That's something QIA pushed for, and Akesuk's email says the minister's actions are "in direct response to QIA's advocacy."

Hearings in Iqaluit in April 2021 into Baffinland's proposed expansion project. The Nunavut Impact Review Board's prolonged 4-year review into that proposal ended this year with a recommendation against the expansion. (Nick Murray/CBC News)

Vandal's letter also tacitly acknowledges that another review of Baffinland's operations at Mary River — this one about the continued production increase in 2022 — could quickly balloon. 

"I encourage all parties to focus their interventions on the narrow scope of the Production Increase Proposal Renewal currently under consideration," he wrote. 

He cites the "vast amount of information already submitted to the public record" from the reviews of Baffinland's expansion project, and its earlier production increase proposals.

Speaking to CBC News on Wednesday, Karen Costello, executive director of the NIRB, said the board had not yet made any decisions about how the review will be done, or how quickly. 

"[Vandal's letter] has been advanced to the board to inform their decision-making, on not only the process but the timing of the process," she said. 

'Lack of respect for the regulatory process,' HTO says

Other organizations, along with QIA, have already weighed in on what the process might look like.

David Ningeongan of Nunavut Tunngavik wrote to NIRB last week to say the review process could proceed "in writing with appropriate accommodations and support for community intervenors to ensure their full participation."

The Mittimatalik Hunters and Trappers Organization (MHTO), meanwhile, argues that Baffinland's proposed production increase again this year warrants a "full review process." The organization, based in nearby Pond Inlet, Nunavut, argues in a letter to NIRB that the mine is having a devastating impact on local wildlife populations and that amounts to "an emergency for Inuit."

The MHTO also argues that Baffinland knew its production increase to six million tonnes per year was temporary and due to expire last year. The company should have shown better foresight, it says. 

"This lack of respect for the regulatory process is not an emergency that warrants the Board accelerating its reconsideration," the MHTO letter states.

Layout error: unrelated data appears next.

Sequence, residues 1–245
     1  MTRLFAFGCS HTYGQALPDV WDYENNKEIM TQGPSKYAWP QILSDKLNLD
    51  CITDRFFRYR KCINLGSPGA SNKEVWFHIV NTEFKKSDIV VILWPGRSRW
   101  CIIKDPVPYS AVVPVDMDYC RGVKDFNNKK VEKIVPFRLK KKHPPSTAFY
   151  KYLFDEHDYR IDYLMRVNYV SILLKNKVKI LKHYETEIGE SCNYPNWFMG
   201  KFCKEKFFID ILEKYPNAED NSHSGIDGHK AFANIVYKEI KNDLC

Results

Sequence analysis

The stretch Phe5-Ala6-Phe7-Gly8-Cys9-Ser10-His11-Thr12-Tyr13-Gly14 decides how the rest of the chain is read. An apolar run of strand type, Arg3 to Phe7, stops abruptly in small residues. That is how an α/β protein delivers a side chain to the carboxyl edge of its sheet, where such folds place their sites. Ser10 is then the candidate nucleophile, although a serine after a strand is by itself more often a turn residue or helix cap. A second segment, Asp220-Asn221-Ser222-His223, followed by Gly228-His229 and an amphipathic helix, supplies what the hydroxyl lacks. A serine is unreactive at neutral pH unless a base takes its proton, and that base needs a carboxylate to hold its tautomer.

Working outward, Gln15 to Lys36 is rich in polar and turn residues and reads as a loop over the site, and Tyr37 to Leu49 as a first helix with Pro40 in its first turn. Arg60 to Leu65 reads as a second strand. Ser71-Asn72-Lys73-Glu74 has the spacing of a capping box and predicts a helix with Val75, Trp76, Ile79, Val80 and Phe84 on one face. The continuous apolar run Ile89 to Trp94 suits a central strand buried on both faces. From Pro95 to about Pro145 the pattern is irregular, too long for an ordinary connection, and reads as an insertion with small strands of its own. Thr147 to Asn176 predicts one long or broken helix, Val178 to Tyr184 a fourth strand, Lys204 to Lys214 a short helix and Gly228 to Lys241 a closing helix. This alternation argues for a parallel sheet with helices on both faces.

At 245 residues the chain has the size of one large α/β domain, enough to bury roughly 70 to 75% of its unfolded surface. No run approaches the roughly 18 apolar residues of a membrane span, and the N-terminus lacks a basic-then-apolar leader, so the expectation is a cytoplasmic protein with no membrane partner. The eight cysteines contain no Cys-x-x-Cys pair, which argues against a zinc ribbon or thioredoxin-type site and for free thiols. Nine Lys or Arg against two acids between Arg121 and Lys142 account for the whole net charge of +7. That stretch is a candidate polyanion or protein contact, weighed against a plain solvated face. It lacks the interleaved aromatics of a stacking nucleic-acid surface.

"It is a dangerous precedent to set to allow proponents to not plan for the expiry of authorizations and then claim that the impacts to its workforce as a result of that lack of a plan are an emergency that warrants accelerating regulatory reviews."

Environmental group Oceans North echoes those sentiments in its own letter to the NIRB last week, saying Baffinland's request does not constitute an "emergency," and the livelihoods of Nunavummiut should not be on the line.

"This situation is a foreseeable consequence of poor management and planning," Oceans North vice president Christopher Debicki wrote.

Christopher Debicki of Oceans North, seen here at a 2019 NIRB hearing into Baffinland's expansion project, says the company's current predicament is not an emergency, but a 'consequence of poor management and planning.' (Beth Brown/CBC )

"Our concern is that Baffinland will continue to use threats of layoffs and mine closure to pressure the NIRB and other stakeholders to approve current and future expansion of the mine."

Oceans North argues that Baffinland's production increase proposal warrants "in-person or videoconference proceedings," and says reviews and hearings should be televised and recorded.

"It is also very important that parties hear each other's concerns. This is difficult to do when each party writes a separate (and at times untranslated) letter," Debicki wrote.

Debicki's letter says the Mary River project has had a significant impact on narwhal populations in the area, and that's not been adequately addressed in earlier reviews.


Paul Tukker

Features writer

Paul Tukker is a writer and reporter with CBC News in Whitehorse. Before moving to Yukon in 2014, he worked with CBC in Sudbury and Iqaluit. You can reach him at

With files from Sarah Krymalowski